Japanese mafia bosses, famous for their tattoos and for their generosity?
Japanese mafia bosses, famous for their tattoos and for their generosity?

Japan's notorious yakuza — "gangsters' —​ have displayed (in addition to their trademark tattoos) a peculiar sense of civic duty in the face of past natural disasters, having donated money to victims of the Kobe earthquake in 1995 and the 2011 Fukushima tsunami.

Now, Japanese news site News Postseven reports that yakuza bosses are publicly declining the 100,000 yen ($940) coronavirus relief checks that the government recently agreed to issue to all registered residents. It's apparently a question of reputation as much as magnanimity. "To put it simply, it's not worth it taking a mere 100,000 yen if people then turn around and say that I'm profiting from the country during this state of emergency. If the story spread through word of mouth, my reputation would be finished!," one unnamed leader of a major gang told Tomohiko Suzuki, a writer and noted organized crime expert.

Another long-established yakuza boss told Suzuki. "We have caused society enough trouble in normal times. It is unacceptable that we be a burden on the country when it's in difficulty. We also pass this message to the youngsters."

The crime leader said that his gang is considering its own financial aid scheme to help younger people weather the economic storm without accepting the government handout.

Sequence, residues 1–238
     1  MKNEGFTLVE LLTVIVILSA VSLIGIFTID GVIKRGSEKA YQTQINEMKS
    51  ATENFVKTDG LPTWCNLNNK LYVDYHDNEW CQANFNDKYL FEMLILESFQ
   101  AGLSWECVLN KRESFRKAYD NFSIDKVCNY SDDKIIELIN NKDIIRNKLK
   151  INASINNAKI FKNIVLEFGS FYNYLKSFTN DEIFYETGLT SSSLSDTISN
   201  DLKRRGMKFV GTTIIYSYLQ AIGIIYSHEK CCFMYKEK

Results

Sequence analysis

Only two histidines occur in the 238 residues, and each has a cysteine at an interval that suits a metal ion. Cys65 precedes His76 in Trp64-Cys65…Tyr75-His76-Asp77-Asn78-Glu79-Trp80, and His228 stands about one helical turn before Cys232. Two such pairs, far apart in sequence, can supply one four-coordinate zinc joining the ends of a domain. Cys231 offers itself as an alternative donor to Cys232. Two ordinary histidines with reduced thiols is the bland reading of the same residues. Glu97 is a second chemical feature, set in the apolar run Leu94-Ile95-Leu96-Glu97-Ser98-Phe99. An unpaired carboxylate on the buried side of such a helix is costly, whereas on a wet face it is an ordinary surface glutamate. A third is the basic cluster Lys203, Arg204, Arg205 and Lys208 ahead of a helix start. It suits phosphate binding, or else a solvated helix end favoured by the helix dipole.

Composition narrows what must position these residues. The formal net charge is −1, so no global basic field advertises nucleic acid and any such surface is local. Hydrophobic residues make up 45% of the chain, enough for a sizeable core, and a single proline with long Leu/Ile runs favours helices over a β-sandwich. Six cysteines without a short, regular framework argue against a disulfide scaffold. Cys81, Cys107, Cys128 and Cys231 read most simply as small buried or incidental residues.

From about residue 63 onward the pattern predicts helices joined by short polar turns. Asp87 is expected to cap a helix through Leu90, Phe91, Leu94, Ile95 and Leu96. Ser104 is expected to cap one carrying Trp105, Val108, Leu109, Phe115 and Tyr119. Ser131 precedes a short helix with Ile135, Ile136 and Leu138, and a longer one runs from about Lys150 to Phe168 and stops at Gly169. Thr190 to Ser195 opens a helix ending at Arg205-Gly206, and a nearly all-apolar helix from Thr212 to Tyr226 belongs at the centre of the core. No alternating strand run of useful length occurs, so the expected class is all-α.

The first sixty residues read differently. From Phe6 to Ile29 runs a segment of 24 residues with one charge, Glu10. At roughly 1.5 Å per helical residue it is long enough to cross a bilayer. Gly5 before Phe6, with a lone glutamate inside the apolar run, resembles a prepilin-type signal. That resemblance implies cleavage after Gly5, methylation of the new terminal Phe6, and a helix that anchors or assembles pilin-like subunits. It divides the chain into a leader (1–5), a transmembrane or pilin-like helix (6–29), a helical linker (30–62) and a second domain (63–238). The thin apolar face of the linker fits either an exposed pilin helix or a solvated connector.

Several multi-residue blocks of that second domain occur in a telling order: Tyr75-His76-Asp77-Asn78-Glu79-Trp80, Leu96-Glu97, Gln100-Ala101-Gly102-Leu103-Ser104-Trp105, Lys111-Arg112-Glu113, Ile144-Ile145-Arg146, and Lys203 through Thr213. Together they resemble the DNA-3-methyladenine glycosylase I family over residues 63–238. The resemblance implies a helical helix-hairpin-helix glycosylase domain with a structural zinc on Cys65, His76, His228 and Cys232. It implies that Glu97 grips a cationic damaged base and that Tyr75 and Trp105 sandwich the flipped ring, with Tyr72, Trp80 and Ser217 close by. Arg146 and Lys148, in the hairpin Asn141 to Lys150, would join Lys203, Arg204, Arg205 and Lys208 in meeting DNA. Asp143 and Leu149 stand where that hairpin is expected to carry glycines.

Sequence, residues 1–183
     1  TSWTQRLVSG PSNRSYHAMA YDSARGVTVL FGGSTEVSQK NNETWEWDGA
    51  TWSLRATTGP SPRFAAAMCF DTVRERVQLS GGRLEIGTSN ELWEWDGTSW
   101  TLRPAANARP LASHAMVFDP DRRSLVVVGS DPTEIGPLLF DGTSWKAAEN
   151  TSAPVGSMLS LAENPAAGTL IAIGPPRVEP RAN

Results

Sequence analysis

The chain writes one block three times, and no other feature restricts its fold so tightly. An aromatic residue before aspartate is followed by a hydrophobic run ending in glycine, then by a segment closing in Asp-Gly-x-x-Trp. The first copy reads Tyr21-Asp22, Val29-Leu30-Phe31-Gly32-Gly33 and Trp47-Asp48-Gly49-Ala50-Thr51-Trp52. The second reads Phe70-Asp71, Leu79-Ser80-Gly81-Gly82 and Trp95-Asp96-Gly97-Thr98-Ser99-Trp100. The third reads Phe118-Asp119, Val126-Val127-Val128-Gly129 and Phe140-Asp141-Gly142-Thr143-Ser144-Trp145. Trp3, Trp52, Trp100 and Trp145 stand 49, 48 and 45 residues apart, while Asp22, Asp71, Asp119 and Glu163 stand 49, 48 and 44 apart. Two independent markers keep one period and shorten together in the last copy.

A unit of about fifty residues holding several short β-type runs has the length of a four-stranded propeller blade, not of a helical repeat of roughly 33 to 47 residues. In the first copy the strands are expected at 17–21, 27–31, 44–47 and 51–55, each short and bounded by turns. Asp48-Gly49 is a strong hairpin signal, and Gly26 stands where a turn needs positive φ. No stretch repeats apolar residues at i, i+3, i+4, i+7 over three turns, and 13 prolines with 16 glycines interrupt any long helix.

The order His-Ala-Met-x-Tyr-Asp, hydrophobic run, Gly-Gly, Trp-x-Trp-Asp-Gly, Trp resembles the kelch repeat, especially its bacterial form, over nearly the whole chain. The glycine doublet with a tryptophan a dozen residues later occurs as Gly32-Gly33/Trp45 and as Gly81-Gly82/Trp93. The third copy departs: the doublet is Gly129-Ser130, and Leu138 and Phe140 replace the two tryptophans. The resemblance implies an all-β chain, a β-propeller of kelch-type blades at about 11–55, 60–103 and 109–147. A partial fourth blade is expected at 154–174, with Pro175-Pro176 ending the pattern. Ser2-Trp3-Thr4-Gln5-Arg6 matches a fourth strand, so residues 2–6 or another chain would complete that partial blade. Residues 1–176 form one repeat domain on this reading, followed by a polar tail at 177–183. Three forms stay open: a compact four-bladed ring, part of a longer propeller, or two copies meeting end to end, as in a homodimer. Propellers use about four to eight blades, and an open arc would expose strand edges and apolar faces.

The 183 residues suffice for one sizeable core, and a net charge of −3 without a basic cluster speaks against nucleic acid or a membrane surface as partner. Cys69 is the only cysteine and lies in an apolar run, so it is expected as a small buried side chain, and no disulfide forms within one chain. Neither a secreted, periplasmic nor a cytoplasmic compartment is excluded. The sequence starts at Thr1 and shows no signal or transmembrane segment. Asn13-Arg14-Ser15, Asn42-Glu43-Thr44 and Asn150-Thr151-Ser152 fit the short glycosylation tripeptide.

We have caused society enough trouble in normal times.

"I was always very busy looking for money when I was young," said yet another gangster. "And yes, there must be people who can't help but take the government's money. But if I were to receive it, I'd drive a nail into myself!"

Suzuki says that as of 2018, Japan's organized underworld has more than 30,000 registered members, and that if they all applied for government relief, they alone would cost the country more than 3 billion yen ($28 million). Let's also hope they're all wearing their masks.



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Geopolitics

REvil Bust: Is Russian Cybercrime Crackdown Just A Decoy From Ukraine?

This weekend’s unprecedented operation to dismantle the cybercriminal REvil network in Russia was carried out on a request and information from Washington. Occurring just as the two countries face off over the Russian threat to invade Ukraine raises more questions than it answers.

Kyiv blamed Russia for another cyber-attack that knocked out key Ukrainian government websites last week

Cameron Manley

The world’s attention was gripped last week by the rising risk of war at the Russia-Ukraine border, and what some have called the worst breakdown in relations between Moscow and Washington since the end of the Cold War. Yet by the end of the week, another major story was unfolding more quietly across Russia that may shed light on the high-stakes geopolitical maneuvering.

By Friday night, Russian security forces had raided 25 addresses in St. Petersburg, Moscow and several other regions south of the capital in an operation to dismantle the notorious REvil group, accused of some of the worst cyberattacks in recent years to hit targets in the U.S. and elsewhere in the West.

And by Saturday, Russian online media Interfax was reporting that the FSB Russian intelligence services revealed that it had in fact been the U.S. authorities who had informed Russia "about the leaders of the criminal community and their involvement in attacks on the information resources of foreign high-tech companies.”

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